Some Reston and Vienna residents along Hunter Mill Road were upset after seeing several paragraphs in the Reston Metrorail Access Group’s (RMAG) report titled "Traffic and Roadway Issues." The county-appointed group is in charge of studying accessibility issues to the future metro stations in the Reston area.
Patti Nicoson, RMAG chair, said some of the language in the report does not reflect the views of the group. "As a group we would never endorse the tone of some of the paragraphs nor some of the suggestions," said Nicoson. She said the language found its way into the report after the group was broken down into subgroups to study particular areas of interest. The roadway group, she said, only met once and one person took it upon himself or herself to write up the issues. According to Nicoson, the language was given to the consultants at 2:30 p.m. the day of the meeting and found its way into the report because the consultants did not have time to review it. They only had time to Xerox it into the report, which was later posted onto a Web site.
In the analysis of some of the major roads in the group’s study area — Hunter Mill Road forms the eastern border — the "Traffic and Roadway Issues" report identifies the Hunter Mill Road interchange with the Dulles Toll Road as a "Travesty and a deathtrap." It states that the interchange bottlenecks traffic between Sunset Hills Road and Sunrise Valley Drive, and that opportunities to change that were lost in recent years. "Through political clumsiness and bad timing, available funds and plans for improving this situation were lost," states the report. The report further states: "We must consider the inevitable extreme pressure placed by Reston employees and transit riders this time, and ignore the whimpers of some Hunter Mill Road residents who insist this should really be kept as a bucolic scenic byway for the use of horses."
STEVE HULL, WHO LIVES near the interchange, said some of the statements in the report were fairly ignorant. Since RMAG’s mission is to study the future stations at Wiehle Avenue and Reston Parkway, Hull said he and his neighbors had not paid much attention to the group. "It looks like we need to," he said. He added that residents in his community have put a lot of work into studying ways to improve the Hunter Mill Road interchange with Dulles Toll Road without forfeiting the feel and the look of a scenic byway that Hunter Mill Road is.
"Our civic duty is to help not create a huge bottleneck," said Hull. However, that does not mean the area should be industrialized and planned without the community’s involvement. When studying Hunter Mill Road, RMAG should have someone from one of the corridor’s homeowner associations on the committee, said Hull. "It is probably one of the most studied interchanges in Fairfax County in the last 20 years," he said of the interchange in question.
In January of this year, the Hunter Mill Road Traffic Calming Study — sponsored by the General Assembly and coordinated with Fairfax County leadership and staff — offered a series of suggestions on ways to improve safety and levels of service along Hunter Mill Road while enhancing its historic features. Some of the measures considered included roundabouts, treatments for crosswalks and trails separated from roadways for walkers, joggers and horses.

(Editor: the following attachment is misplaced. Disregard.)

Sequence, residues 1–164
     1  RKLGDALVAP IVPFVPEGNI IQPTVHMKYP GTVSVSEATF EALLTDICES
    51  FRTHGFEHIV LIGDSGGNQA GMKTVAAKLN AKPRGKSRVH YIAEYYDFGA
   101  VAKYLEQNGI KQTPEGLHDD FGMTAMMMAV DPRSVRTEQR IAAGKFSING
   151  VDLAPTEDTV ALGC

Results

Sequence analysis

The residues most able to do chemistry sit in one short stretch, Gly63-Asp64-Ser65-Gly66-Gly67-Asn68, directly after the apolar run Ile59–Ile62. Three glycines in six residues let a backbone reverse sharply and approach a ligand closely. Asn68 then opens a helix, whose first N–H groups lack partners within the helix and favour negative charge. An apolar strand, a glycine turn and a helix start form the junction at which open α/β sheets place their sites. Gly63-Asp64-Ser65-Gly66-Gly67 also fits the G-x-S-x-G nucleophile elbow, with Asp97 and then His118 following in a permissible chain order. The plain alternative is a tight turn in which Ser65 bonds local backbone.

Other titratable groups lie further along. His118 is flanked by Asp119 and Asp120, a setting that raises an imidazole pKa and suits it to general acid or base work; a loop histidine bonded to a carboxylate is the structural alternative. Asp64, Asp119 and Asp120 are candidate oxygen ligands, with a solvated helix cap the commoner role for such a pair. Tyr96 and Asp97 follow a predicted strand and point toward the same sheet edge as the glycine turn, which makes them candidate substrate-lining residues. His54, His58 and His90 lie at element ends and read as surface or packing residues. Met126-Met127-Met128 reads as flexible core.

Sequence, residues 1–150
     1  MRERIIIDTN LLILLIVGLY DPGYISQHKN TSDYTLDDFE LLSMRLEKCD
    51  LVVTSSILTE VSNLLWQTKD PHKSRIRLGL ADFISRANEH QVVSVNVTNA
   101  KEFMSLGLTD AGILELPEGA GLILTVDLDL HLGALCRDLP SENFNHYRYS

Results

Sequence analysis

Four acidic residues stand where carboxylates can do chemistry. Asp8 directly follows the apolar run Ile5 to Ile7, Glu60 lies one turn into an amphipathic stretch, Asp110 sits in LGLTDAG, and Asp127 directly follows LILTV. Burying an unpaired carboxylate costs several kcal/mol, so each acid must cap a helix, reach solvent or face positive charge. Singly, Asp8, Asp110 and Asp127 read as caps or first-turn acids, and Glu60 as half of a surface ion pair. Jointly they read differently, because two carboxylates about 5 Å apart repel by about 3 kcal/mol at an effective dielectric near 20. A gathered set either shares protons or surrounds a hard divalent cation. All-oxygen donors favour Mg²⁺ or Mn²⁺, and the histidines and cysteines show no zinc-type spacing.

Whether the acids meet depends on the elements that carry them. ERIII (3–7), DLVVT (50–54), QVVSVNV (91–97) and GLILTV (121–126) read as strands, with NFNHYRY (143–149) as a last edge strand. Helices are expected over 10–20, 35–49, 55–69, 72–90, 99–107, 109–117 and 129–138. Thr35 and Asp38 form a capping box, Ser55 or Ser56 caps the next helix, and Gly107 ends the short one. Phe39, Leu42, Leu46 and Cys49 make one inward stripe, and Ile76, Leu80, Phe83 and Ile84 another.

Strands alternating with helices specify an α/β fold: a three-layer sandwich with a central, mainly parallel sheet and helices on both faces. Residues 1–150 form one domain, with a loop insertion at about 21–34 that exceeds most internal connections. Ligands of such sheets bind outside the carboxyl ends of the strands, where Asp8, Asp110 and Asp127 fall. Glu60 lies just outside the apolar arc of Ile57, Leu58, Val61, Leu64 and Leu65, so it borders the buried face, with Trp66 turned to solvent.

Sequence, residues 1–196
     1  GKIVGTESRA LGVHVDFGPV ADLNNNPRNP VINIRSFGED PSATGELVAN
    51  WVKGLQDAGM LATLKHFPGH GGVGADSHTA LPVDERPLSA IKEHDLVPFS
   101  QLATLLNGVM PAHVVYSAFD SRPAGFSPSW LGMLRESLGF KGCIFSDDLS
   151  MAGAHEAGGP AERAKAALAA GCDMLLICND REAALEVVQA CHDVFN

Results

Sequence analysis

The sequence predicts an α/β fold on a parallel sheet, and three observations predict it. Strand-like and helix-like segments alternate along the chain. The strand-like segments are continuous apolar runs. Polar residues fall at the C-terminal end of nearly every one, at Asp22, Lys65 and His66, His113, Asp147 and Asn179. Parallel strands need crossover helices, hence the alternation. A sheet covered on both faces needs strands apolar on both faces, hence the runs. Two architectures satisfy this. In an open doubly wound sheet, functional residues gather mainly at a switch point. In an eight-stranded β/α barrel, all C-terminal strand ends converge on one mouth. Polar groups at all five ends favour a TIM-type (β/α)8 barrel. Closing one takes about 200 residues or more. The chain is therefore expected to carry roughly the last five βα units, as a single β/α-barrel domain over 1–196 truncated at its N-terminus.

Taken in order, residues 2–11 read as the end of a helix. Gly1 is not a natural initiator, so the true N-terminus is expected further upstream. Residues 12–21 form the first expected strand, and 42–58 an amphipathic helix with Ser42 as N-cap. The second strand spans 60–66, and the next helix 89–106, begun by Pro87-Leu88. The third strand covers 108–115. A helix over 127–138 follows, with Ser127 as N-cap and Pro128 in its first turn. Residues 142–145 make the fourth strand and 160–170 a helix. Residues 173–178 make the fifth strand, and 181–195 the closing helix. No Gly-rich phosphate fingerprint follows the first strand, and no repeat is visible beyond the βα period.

"I see the interchange from my kitchen window," said John Thoburn, who has lived on Hunter Mill Road for more than 20 years. He owns the property north of the Dulles Toll Road, on both sides of Hunter Mill Road. "The interchange is terrible," said Thoburn, who feels political gaming prevented improvements to the interchange. Traffic improvements at, and near, the intersection are necessary to create a safer driving environment and better traffic flow, according to Thoburn.
While Thoburn lives on the west side of Hunter Mill Road, he also owns the driving range on the east side of it. "It affects my clients," he said about the interchange. He added that he does not think Hunter Mill Road’s historic significance should prevent development around it. Other parts of Fairfax County have been allowed to develop, and he does not separate Hunter Mill Road’s history from that of West Ox Road, which was recently expanded.
"It’s been a long debate," said Fairfax County Supervisor Catherine Hudgins (D-Hunter Mill) about the need for interchange improvements while considering Hunter Mill Road’s feel. "Sure there has to be a way to strike a balance," said Hudgins.
"I would like to think there is," said Nicoson. She said RMAG-supported consultants, Vanasse Hangen Brustlin, Inc., ought to see the calming study if they had not done so yet. She also added that measures to enhance pedestrian safety, such as safe crosswalks, might be desirable to the Hunter Mill Road community.
Striking a balance between improvements and retaining the historic features of the road is not the only balancing act the language in the report highlighted. Hudgins said she hopes RMAG will improve its community outreach. While she wants to keep RMAG a task force, and therefore not expand it too many people, she said it is important to hear from many people in the community. "Task force outreach is what we want to do, bringing as many voices as possible," said Hudgins.
Late last week a disclaimer was added to the ‘Roadway and Issues Report’ on the county’s web site. It states that the material in the report represents the opinions and recommendations of the subcommittee’s members. "While all such information will be considered by Fairfax County and consultants contracted to work on this study, Fairfax County does not necessarily endorse nor agree with these opinions and recommendations," states the disclaimer.